Range-of-motion exercises. Limited mobility of your wrist tendons increases the stress on them. Restriction at the areas close to the hand also may force other areas to work at a disadvantage. Your physical therapist may teach you self-stretching techniques to decrease tension and help restore normal motion.
Manual therapy. Your physical therapist may treat your condition by applying hands-on treatments to gently move your muscles and joints. These techniques help improve motion. Hands-on (manual) therapy also may be used to guide the wrist region into a less stressful movement pattern. Your physical therapist may use their hands to provide resistance during certain exercises to help improve strength that may be limited by your condition.
Muscle strengthening. Muscle weaknesses or imbalances can contribute to de Quervain’s symptoms. Your physical therapist will design a safe, progressive resistance program specific to you. You may begin by performing strengthening exercises in varying positions. Your physical therapist will teach you exercises that are right for you based on your age and condition. This may include using resistance machines or elastic bands in the clinic, at home, or at a gym.
Functional training. Once your pain, strength, and motion improve, you will need to safely transition back into more demanding activities. To minimize stress on your hand and thumb, it is important to learn safe, controlled movements. Based on your movement assessment and goals, your physical therapist will create a series of activities to help you learn how to use and move your body correctly and safely.
Braces and other assistive devices. You, your physical therapist, and other health care providers will decide whether bracing your thumb is right for you. Your physical therapist may provide a wrist splint to position your wrist and thumb for rest and to provide compression to ease pain and swelling.
If you still have symptoms after physical therapy treatment and appropriate rest, a steroid injection given by a doctor can help reduce swelling and pain. If neither physical therapy or steroid injections help, and pain persists, surgery may be an option.
How Can a Physical Therapist Help Before and After Surgery?
If you need surgery, it is likely that you will have treatment by a physical therapist before surgery. You may become familiar with some physical therapy strategies. After surgery, your physical therapist will work with you to:
- Monitor wound healing.
- Provide treatments and methods to help control swelling.
- Improve and/or maintain your hand, wrist, and finger flexibility.
- Improve your range of motion.
- Rebuild strength in your hand, wrist, and entire upper extremity.
- Provide a splint to protect your hand and wrist after the procedure, if needed.
- Teach you how to safely return to the activity levels you enjoyed before your injury.
Can This Injury or Condition Be Prevented?
Can This Injury or Condition Be Prevented?
It may be possible to prevent de Quervain's tendinitis. Some risk factors cannot be controlled, such as gender or age. However, a physical therapist may recommend that you:
- Avoid chronic overuse of the hand.
- Avoid or restrict overly forceful use of the wrist.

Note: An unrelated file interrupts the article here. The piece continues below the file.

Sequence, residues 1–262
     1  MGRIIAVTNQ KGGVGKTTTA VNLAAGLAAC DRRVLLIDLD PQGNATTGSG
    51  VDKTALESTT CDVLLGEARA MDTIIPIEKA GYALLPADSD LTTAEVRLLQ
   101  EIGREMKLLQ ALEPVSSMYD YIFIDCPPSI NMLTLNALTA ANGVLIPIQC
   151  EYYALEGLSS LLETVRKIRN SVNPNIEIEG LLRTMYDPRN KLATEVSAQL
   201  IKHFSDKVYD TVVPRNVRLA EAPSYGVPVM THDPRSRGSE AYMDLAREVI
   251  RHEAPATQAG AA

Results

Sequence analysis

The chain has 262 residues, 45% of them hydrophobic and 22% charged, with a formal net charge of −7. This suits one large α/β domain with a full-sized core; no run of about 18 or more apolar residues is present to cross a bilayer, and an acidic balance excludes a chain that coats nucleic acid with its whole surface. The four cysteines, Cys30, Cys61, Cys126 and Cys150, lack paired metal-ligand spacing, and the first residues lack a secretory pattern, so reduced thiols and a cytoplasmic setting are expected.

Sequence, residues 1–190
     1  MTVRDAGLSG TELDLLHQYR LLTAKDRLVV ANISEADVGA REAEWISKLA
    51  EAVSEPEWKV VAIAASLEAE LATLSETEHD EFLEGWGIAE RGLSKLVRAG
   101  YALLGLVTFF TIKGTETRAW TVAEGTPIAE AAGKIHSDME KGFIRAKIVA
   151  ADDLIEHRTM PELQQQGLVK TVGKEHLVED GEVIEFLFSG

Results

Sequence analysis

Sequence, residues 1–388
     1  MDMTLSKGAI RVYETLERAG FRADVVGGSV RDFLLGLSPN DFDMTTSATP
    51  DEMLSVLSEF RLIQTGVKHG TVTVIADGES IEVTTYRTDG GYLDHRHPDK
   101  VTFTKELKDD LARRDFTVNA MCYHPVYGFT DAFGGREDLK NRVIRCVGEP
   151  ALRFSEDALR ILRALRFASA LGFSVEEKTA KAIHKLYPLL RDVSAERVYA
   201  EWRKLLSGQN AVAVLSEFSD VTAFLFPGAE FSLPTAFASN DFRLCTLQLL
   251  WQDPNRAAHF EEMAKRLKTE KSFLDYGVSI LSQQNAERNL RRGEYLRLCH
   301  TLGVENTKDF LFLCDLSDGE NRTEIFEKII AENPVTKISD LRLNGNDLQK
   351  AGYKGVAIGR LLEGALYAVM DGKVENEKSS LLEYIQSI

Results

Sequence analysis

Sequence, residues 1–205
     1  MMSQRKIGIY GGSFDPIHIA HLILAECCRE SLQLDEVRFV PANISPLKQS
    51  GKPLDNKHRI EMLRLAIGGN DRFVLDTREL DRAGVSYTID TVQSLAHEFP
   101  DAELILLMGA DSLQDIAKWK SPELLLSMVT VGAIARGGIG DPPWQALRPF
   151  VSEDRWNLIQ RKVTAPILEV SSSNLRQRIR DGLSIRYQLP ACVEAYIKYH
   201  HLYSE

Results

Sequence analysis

- Avoid excessive use of the thumbs, such as with texting.
- Avoid putting the wrist and hand in awkward positions while using the hand or arm.
- Train and condition in sports, such as golf and tennis, to minimize wrist and thumb strain.
- Take frequent breaks if you must repeat an activity that aggravates your condition.
Your physical therapist can teach you correct and safe hand and wrist positions for home, work, and sport activities.
What Kind of Physical Therapist Do I Need?
All physical therapists are prepared through education and experience to treat de Quervain's tendinitis. However, you may want to consider:
- A physical therapist with experience in treating people with hand conditions, sports injuries, or repetitive stress injuries of the upper limb.
- Physical therapists who have a practice with a focus on hand rehabilitation.
- A physical therapist who is a board-certified clinical specialist, or who has completed a residency or fellowship in orthopedic or hand therapy. This physical therapist has advanced knowledge, experience, and skills that may apply to your condition.
You can find physical therapists in your area with these credentials and clinical expertise on Find a PT, a tool built by the American Physical Therapy Association.
General tips when you're looking for a physical therapist (or any other health care provider):
- Get recommendations from family, friends, or other health care providers.
- When you contact a physical therapy clinic for an appointment, ask about the physical therapists' experience in helping people who have de Quervain's tendinitis.
- Be prepared to describe your symptoms in as much detail as possible during your first visit. Make a note of what makes your symptoms better or worse.
The American Physical Therapy Association believes that consumers should have access to information to help them make informed health care decisions and prepare them for their visit with a health care provider.
The following resources offer some of the best scientific evidence related to physical therapy treatment for de Quervain’s tendinitis. They report recent research and give an overview of the standards of practice both in the United States and internationally. They link to a PubMed* abstract, which may also offer free access to the full text, or to other resources. You can read them or print out a copy to bring with you to your health care provider.
Allbrook V. The side of my wrist hurts: De Quervain's tenosynovitis. Aust J Gen Pract. 2019;48(11):753–756. Article Summary in PubMed.
Huisstede BM, Gladdines S, Randsdorp MS, Koes BW. Effectiveness of conservative, surgical, and postsurgical interventions for trigger finger, Dupuytren disease, and De Quervain disease: a systematic review. Arch Phys Med Rehabil. 2018;99(8):1635–1649.e21. Article Summary in PubMed.
Huisstede BM, Coert JH, Friden J, Hoogvliet P; European HANDGUIDE Group. Consensus on a multidisciplinary treatment guideline for deQuervain disease: results from the European HANDGUIDE study. Phys Ther. 2014;94(8):1095–1110. Article Summary in PubMed.
*PubMed is a free online resource developed by the National Center for Biotechnology Information. PubMed contains millions of citations to biomedical literature, including citations in the National Library of Medicine’s MEDLINE database.